Sunday, July 25, 2010

What Everyone, Including Microsoft, Missed About the Courier

Microsoft Courier from aswin indraprastha on Vimeo.

The Microsoft Courier was hinted at and cancelled with most people never noticing. Sadly I don't think even Microsoft knew what they had. To the casual observer it was a tablet prototype, but its true innovation was never about the dual screens, the camera, or the drag and drop environment, it was about the workflow. When I say workflow, I don't mean how you work at work, but how you work with your data.

The Past

For years we have been stuck in a files and folder workflow, where each piece of data is put into a folder, as if there is only one way to think about it. This was fine before all aspects of our lives were converted to data. Our data now is not a series of stand alone events, but a complex fabric of interrelated information that demands a new paradigm (that's right I said it) be entered. A new way of thinking that relates all aspects of our data to one another. The Microsoft Courier was the first attempt at that new way of thinking.

What they missed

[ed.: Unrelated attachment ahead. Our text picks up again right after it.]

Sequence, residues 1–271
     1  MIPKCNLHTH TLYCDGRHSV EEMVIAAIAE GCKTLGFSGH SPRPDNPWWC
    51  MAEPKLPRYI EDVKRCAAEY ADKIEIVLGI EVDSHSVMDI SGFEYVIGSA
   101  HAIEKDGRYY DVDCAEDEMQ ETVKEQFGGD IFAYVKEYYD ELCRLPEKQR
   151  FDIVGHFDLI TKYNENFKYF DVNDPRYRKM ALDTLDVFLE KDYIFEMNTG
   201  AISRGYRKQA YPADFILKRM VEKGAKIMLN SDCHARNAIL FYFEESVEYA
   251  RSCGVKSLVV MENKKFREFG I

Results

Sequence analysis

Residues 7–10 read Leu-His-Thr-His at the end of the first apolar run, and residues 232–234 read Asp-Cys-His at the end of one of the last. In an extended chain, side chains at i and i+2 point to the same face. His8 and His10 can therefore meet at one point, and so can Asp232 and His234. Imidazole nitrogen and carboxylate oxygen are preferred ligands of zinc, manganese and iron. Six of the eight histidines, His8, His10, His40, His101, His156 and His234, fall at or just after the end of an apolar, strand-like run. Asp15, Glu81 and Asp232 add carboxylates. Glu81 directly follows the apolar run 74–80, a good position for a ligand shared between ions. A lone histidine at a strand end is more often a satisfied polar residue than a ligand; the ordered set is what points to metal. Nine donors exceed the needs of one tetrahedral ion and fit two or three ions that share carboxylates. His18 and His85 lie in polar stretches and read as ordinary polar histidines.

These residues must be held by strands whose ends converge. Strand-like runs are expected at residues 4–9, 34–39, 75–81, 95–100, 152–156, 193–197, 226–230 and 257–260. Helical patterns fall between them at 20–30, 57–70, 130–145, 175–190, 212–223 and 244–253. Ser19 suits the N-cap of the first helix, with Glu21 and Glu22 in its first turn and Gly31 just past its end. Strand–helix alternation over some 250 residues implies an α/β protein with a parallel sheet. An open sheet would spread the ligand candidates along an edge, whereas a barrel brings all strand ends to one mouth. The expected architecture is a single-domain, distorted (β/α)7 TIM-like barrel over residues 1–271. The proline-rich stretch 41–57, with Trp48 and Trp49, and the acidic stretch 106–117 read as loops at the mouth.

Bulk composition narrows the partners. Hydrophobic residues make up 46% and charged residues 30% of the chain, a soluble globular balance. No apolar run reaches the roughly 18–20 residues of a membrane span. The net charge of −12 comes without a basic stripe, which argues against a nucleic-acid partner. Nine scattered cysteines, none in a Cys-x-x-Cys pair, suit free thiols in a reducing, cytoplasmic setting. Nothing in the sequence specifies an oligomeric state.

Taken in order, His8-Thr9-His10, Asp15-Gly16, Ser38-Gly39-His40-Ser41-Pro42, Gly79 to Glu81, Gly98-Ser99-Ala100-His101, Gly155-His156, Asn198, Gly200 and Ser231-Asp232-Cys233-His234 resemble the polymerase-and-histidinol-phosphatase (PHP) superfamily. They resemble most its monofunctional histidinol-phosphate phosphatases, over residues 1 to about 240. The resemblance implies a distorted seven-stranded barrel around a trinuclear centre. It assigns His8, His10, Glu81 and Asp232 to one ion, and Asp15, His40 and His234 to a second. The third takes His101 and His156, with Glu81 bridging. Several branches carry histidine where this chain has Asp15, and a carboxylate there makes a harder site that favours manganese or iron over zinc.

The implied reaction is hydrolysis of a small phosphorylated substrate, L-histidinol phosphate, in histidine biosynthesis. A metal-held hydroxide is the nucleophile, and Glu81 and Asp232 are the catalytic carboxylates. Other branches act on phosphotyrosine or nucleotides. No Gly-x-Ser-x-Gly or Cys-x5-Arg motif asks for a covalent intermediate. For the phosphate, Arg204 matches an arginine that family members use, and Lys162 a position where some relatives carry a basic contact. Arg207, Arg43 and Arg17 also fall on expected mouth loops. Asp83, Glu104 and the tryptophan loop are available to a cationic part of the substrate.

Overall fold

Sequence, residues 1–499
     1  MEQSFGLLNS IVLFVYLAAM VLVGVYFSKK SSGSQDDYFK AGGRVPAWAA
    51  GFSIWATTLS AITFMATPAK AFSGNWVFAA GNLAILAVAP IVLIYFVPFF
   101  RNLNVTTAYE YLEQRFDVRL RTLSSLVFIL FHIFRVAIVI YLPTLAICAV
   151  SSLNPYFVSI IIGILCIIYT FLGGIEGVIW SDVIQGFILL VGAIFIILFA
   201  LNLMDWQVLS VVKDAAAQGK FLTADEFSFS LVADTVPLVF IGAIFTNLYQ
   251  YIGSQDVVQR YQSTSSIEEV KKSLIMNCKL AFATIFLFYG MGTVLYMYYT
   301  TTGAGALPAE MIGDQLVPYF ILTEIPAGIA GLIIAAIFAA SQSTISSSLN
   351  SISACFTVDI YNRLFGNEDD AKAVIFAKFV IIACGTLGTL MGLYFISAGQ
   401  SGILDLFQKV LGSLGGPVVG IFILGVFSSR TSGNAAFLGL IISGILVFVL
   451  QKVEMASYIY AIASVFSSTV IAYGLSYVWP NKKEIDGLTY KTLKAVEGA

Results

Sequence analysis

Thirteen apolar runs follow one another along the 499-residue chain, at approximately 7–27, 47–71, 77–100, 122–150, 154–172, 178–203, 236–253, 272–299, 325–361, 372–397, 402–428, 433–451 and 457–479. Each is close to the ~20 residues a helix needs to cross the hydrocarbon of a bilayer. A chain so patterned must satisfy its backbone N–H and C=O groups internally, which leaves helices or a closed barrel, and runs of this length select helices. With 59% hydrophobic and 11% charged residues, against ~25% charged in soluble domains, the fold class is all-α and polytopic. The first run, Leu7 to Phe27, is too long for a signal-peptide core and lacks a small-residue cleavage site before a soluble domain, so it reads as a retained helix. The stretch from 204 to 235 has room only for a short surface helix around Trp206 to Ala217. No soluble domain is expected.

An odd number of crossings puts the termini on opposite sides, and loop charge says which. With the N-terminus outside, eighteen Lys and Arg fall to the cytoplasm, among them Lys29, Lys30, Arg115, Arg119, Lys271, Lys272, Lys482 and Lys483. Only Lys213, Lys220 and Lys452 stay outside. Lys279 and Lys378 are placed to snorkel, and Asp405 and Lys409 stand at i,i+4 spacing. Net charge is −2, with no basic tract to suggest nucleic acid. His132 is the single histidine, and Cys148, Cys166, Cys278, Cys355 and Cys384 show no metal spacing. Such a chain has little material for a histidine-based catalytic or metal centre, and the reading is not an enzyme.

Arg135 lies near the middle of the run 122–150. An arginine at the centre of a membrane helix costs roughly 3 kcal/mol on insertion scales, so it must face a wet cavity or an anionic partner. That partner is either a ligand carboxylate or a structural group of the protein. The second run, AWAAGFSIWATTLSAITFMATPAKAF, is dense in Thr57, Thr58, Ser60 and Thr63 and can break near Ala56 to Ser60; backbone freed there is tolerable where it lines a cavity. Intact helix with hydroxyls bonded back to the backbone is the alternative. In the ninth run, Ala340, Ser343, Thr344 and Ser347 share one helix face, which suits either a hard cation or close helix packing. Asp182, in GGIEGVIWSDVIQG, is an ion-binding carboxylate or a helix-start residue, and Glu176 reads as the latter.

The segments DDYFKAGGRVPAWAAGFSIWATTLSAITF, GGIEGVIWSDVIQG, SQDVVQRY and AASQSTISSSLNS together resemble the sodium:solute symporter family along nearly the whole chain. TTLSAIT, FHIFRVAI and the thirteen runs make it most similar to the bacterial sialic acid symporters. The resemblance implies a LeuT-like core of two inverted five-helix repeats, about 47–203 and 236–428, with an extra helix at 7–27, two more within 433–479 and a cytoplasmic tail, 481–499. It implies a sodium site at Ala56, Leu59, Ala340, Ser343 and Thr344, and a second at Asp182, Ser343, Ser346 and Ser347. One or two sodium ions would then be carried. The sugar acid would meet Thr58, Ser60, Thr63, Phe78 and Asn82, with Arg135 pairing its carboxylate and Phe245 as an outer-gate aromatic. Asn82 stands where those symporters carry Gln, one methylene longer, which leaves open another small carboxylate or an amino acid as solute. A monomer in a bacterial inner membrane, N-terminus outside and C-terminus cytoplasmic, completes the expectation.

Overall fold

In all of the videos demoing the Courier, you see a woman using the Courier for her freelance design job. What’s impressive about the video is how all of those items that she compiles for her project aren’t a series of files stored in a folder, but are items that live in their own space, and are linked to the project and presumably a thousand other projects in the future. Microsoft should have picked a more common scenario for their videos that everyone could relate to. For instance, let’s say you go on vacation and take pictures. You get back home and download your pictures to your computer. In the current file/folder model you have to put them in one place on your hard drive. What folder do you put them in? How do you know who’s in the pictures? What’s the name of the hotel you stayed at in the picture? You can find out this information, but you’ll need to check four or five different programs to do so. In the Courier model, you download the pictures to your computer, you associate those pictures with the events on your calendar, in the calendar events is your complete itinerary of your trip (e.g. who from your contacts list was on the trip, where you stayed, the dates you were there) and now all of that information is linked together and can easily be found from any number of ways. All of these relationships are built using the assets that are already on your computer. You don’t need to create a series of custom tags because they all exist as entries in other programs.